Through the meetings and site visits, the CNMI has been able to highlight the unique economic circumstances facing the territory. Although part of the objective of the 902 Consultations is to discuss and recommend long-term resolutions, the meetings have already proven valuable in the short-term.  Since the 902 Consultations began in June, several actions have been taken, laying the groundwork for recommendations through the 902 Consultations process.  

These actions include DHS’s announcement that the CW cap would be reduced by just one, from 12,999 for FY 2016 to 12,998 for FY 2017. This is the smallest reduction DHS could make, an adjustment that will give CNMI breathing room to plan its transition under U.S. immigration law and the expiration of the CW visa program.

In addition, our Office of Insular Affairs (OIA) recently issued a $200,000 technical assistance grant to the CNMI Department of Labor to create a team of labor certification technicians and a statistician to help collect, compile and analyze crucial data on the CW program.  The funding also helps the CNMI to develop a strategic plan to provide real-time data on the most in-demand job fields and other valuable information needed by decision-makers.  This information is needed to fill data gaps and strengthen capacity of the CNMI government to train the workers that are most needed during this transition period.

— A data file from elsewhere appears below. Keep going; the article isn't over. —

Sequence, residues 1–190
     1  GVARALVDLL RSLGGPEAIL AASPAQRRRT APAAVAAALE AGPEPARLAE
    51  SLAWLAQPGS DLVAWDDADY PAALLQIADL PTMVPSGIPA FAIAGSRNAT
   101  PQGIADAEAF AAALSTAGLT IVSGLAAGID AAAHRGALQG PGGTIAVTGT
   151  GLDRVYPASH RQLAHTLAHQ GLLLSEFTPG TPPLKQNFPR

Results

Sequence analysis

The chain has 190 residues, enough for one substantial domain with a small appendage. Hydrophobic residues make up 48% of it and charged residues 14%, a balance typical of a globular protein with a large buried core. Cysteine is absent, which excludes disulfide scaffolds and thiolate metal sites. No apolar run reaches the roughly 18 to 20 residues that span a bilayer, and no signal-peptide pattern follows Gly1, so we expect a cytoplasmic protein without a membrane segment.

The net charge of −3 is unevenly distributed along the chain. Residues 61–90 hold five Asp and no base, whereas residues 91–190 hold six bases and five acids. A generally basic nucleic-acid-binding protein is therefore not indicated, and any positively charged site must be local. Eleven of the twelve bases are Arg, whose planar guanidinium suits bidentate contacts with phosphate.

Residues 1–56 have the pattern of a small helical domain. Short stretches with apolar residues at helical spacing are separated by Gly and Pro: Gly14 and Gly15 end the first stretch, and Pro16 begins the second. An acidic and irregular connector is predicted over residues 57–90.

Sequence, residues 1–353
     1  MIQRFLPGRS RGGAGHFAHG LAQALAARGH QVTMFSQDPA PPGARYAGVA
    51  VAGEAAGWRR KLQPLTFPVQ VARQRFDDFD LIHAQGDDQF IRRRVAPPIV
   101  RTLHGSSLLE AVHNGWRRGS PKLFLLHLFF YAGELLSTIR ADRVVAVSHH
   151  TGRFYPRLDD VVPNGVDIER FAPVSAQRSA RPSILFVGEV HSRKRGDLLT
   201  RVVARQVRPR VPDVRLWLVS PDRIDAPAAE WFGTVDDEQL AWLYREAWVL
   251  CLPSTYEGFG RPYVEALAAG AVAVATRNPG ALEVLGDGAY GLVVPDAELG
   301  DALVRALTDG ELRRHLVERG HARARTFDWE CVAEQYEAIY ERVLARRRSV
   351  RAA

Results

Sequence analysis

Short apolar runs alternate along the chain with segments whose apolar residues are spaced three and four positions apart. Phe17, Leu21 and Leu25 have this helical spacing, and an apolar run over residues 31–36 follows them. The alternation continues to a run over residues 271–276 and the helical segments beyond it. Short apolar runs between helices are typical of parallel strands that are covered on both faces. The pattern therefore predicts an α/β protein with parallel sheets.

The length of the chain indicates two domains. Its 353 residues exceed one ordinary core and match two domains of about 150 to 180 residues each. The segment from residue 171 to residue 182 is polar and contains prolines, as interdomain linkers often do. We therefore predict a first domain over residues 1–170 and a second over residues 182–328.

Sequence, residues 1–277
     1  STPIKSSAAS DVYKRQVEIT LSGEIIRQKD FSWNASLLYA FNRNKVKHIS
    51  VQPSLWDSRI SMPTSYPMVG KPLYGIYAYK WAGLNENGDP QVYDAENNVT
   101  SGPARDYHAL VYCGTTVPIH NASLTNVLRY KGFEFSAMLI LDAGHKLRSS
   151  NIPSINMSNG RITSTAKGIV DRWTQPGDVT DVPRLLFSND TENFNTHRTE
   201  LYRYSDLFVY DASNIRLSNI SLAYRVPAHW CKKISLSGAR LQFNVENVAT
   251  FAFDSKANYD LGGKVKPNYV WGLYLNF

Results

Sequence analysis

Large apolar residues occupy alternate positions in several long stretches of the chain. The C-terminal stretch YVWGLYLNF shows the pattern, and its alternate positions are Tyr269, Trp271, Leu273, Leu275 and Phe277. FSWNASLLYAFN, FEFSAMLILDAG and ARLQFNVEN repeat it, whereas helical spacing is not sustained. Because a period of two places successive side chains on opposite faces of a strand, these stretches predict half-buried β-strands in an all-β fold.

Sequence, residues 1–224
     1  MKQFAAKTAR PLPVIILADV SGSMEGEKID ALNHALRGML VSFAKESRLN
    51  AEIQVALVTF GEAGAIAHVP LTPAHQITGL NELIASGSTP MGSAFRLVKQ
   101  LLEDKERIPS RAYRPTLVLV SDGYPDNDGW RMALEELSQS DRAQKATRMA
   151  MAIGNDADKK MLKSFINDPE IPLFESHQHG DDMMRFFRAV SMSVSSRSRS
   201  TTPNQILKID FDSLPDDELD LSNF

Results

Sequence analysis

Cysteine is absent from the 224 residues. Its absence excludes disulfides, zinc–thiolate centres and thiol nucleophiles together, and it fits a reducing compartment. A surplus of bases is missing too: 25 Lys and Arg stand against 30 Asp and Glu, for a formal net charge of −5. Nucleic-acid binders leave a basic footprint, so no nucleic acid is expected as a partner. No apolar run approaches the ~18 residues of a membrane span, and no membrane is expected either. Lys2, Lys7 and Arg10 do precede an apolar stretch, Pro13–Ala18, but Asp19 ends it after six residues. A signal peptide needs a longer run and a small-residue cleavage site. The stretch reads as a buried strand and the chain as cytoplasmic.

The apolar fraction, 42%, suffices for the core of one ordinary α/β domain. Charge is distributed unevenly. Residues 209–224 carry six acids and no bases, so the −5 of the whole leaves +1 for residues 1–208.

In addition to these actions, the 902 process is still ongoing.  A great deal of work remains ahead for the United States and CNMI teams in developing recommendations to address the longer-term immigration and labor issues facing the CNMI, including the expiration of the CW program in 2019. We are aiming to produce a report and recommendations by the end of the Administration.

USCIS, as well as the broader DHS, has been a critical partner in the 902 Consultations.  Their willingness to listen, participate, and collaborate has helped lay a strong foundation for the work ahead.  Outside the 902 Consultations process, USCIS’ policies, as the administrator of the CW program, and its on-the-ground presence in Saipan will undoubtedly affect the CNMI’s economy and people for years to come.  

I look forward to continuing to work with USCIS, DHS and Governor Torres of the CNMI, both within the 902 process and beyond.